Journalist Mohamed Fahmy in an Egyptian court on Monday. (Photo: REUTERS/Al Youm Al Saabi Newspaper)
Detained Canadian-Egyptian journalist Mohamed Fahmy, along with Australian Peter Greste and Egyptian Baher Mohamed, was back in court in Egypt on Monday. Fahmy, Greste and Mohamed, all of whom work for Al Jazeera, are three of 20 journalists who have been charged by Egyptian authorities with endangering national security and publishing stories in service of the Muslim Brotherhood, the banned Egyptian political party of former president Mohamed Morsi.
Over the weekend, acting President of Egypt Adly Mansour expressed his intentions to ensure a fair and speedy trial.
In a letter to Fahmy's family, Mansour wrote, "I want to reaffirm in this regard the independence of the Egyptian judiciary and my confidence that your son will get all his legal rights. This will not stop me from exerting every effort necessary and possible to reach a fast resolution to this case, that guarantees justice in line with the law."
In another encouraging sign, Fahmy was also finally taken to a hospital to get scans of his injured shoulder — an injury he has been nursing without proper care for months.
Much of the trial on Monday focused on the journalists' posession of video and editing equipment, all related to their jobs as journalists at a television news network. “The discussion of montages clearly demonstrates they don’t understand what we do,” Fahmy told reporters in the courtroom.
The trial comes after another court case in Egypt went to trial, during which 529 people were sentenced to death for their alleged participation in an attack against police in the city of Minya in August 2013. The event took place just after the Muslim Brotherhood government was forced out of power. One of the charges levelled was for belonging to or supporting the Muslim Brotherhood, a party that is currently banned in Egypt.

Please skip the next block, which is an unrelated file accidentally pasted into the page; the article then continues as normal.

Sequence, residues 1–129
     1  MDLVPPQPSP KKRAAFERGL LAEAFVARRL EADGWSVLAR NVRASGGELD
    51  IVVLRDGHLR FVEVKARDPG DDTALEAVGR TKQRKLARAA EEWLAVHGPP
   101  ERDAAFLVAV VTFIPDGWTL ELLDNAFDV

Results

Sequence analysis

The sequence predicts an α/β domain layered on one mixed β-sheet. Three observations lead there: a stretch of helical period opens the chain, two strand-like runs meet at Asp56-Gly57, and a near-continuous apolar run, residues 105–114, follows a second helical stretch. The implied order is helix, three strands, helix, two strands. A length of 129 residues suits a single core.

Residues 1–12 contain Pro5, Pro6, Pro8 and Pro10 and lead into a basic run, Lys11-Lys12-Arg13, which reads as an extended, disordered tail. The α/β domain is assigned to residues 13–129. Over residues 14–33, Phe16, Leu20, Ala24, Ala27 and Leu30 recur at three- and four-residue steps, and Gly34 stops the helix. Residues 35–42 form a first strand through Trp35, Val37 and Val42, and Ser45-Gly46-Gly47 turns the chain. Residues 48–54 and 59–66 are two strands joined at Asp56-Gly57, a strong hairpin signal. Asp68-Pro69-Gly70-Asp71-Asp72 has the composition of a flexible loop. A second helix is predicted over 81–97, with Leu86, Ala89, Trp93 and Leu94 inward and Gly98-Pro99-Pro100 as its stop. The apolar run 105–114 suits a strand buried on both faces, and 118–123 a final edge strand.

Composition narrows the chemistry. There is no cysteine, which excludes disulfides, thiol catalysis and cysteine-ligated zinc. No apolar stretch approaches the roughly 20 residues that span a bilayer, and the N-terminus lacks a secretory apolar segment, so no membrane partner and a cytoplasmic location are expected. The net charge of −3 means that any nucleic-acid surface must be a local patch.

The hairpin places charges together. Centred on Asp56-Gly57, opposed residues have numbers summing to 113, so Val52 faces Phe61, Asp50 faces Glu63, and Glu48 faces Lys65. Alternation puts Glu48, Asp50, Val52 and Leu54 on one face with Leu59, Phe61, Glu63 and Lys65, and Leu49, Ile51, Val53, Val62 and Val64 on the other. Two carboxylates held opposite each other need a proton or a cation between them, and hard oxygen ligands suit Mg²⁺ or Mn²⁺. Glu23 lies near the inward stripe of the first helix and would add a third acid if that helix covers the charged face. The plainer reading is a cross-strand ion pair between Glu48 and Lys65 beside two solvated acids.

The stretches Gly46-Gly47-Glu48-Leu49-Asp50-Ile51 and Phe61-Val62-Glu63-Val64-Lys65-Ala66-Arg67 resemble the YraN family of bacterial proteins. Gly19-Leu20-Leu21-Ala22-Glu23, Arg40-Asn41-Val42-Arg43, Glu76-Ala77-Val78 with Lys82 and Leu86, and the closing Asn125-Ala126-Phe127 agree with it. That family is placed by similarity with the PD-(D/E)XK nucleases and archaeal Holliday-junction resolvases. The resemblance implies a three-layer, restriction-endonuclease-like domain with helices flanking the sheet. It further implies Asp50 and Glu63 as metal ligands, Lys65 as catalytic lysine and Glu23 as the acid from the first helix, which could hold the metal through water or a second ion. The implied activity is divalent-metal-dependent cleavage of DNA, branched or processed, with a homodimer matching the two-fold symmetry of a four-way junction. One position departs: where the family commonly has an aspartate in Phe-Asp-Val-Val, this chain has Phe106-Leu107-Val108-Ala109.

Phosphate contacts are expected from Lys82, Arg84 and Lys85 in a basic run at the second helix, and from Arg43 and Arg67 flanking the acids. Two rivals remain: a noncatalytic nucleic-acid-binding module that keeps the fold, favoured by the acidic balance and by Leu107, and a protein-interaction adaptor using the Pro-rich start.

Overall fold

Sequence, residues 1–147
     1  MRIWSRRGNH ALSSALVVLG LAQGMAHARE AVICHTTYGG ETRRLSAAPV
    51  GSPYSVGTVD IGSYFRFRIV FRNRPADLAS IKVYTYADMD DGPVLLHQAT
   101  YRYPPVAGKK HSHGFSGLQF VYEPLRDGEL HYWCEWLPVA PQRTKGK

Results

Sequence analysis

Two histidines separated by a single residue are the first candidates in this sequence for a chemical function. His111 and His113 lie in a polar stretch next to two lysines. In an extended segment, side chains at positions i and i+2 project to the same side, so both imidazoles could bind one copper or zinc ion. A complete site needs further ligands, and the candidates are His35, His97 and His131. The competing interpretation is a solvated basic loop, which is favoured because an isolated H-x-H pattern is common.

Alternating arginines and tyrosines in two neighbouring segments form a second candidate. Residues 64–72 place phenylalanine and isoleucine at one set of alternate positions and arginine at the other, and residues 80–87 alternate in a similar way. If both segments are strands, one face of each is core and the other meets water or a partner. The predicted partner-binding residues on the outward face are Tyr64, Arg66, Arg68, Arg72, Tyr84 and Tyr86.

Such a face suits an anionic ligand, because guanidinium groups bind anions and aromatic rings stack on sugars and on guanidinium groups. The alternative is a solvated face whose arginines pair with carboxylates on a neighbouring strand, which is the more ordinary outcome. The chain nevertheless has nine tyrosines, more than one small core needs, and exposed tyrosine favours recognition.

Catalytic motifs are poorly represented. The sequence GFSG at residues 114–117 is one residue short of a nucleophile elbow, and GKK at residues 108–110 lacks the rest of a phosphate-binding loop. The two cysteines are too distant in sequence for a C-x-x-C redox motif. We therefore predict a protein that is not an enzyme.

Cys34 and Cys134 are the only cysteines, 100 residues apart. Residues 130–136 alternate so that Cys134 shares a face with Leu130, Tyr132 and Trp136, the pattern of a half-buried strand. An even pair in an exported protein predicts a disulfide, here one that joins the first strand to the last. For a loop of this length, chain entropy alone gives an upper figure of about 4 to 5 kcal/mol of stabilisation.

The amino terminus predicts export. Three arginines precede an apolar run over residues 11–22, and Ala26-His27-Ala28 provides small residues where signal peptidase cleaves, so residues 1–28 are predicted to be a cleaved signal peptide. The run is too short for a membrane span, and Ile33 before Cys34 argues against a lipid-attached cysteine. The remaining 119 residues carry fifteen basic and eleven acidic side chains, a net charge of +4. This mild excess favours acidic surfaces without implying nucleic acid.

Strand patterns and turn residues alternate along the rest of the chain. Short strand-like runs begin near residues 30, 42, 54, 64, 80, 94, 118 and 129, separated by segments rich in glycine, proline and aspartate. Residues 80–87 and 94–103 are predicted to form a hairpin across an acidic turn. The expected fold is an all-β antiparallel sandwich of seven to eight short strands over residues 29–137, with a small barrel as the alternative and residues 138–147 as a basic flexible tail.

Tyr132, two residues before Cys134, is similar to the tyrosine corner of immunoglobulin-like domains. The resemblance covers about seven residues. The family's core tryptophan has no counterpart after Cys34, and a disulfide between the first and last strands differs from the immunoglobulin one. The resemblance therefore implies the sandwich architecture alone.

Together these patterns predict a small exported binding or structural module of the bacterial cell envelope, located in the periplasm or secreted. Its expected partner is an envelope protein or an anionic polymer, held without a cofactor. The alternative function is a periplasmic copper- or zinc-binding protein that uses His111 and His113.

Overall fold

And today, Egypt held another mass trial, accusing 683 people — all members of the Muslim Brotherhood — of murder and inciting violence during the protest in Minya. The current leader of the Muslim Brotherhood, Mohammed Badie, was one of the people on trial. Only 68 of the accused were in court, the rest were tried in absentia. Defense lawyers were also absent, as they were boycotting the proceedings. The presiding judge Said Youssef said he will announce a verdict on April 28.
Despite the bad news coming out of Egypt, the fight to release the detained Al Jazeera journalists is still going strong. A new video was released by Al Jazeera over the weekend, featuring a slew of top-name journalists lending their support to the cause. You can watch the full video, which features the #FreeAJStaff hashtag that has been used in global protests for the past three months, below:
All of this news comes, fittingly, on the UN-sanctioned International Day of Solidarity with Detained and Missing Staff Members. The day is observed on the anniversary of the abduction of Alec Collett, a journalist and United Nations staffer who was abducted in the Middle East in 1985.
In a statement about the day, UN Secretary-General Ban Ki-Moon said this: "On this and every day, let us honour the courage and dedication of all United Nations colleagues who risk so much to help those less fortunate. They should never be asked to sacrifice their liberty or lives for these noble ends."